Good governance and sound economic policies are believed to have reduced the disparity of income between the rich and the poor, said a research, citing that the gap has been narrowing since the 1970s.
Allen Ng, from Khazanah Research Institute, said the Gini coefficient – the index to measure income disparity – reduced to 0.39 last year form 0.51 in 1970. The smaller the figure, the narrow the disparity.
“One reason why Malaysia did well or rather okay is because of our good policies and also due to the rapid industrialisation period of mid-80s to late 90s,” Ng said when presenting his papers titled “Inequality in Malaysia”.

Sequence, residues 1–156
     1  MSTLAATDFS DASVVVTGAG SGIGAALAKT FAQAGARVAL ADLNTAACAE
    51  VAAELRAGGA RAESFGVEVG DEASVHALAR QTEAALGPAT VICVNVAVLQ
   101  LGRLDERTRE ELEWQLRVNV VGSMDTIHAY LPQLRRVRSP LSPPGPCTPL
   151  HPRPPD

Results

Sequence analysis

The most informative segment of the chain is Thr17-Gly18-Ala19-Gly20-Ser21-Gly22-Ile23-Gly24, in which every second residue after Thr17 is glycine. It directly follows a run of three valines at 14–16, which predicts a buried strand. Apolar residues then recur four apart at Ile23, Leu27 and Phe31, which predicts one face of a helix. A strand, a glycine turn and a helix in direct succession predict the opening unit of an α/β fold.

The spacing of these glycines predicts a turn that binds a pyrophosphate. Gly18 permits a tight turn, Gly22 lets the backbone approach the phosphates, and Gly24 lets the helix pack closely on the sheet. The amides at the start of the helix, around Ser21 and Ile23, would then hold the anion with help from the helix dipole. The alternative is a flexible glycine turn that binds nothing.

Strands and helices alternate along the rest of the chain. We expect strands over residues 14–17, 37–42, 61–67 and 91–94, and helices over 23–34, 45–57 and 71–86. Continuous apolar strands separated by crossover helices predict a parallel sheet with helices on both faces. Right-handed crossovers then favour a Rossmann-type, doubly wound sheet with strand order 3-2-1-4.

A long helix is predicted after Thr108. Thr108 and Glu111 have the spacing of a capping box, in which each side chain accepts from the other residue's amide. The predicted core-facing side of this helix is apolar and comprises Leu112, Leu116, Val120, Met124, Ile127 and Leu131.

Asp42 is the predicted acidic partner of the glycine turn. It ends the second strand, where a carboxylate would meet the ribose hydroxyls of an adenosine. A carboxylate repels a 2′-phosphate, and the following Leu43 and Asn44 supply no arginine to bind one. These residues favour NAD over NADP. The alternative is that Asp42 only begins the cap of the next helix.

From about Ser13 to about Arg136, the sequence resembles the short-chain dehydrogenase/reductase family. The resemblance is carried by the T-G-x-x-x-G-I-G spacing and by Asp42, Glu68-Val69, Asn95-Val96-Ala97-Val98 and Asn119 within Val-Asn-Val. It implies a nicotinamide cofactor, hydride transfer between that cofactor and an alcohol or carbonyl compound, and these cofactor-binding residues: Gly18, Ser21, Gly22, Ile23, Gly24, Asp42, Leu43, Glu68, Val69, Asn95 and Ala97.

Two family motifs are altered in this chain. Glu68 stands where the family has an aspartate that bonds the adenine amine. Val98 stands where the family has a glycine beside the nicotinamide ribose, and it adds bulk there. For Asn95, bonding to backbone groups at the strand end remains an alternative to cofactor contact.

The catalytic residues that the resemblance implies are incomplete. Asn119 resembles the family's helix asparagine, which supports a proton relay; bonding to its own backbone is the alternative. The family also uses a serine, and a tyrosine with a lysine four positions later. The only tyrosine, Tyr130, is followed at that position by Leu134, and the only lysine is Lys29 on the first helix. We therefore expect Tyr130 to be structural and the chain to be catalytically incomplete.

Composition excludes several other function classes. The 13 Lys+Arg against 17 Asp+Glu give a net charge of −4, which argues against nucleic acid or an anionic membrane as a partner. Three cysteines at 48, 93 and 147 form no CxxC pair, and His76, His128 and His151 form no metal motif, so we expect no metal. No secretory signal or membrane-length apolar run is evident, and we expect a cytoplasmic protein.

Tertiary education, he said, was also a factor in determining a person’s income.
“But then again, the access to tertiary education will become a question of social mobility.
“Generally, however, education plays a role and those with tertiary education are said to earn more and thus this have reduce the gap between the middle class groups,” he said.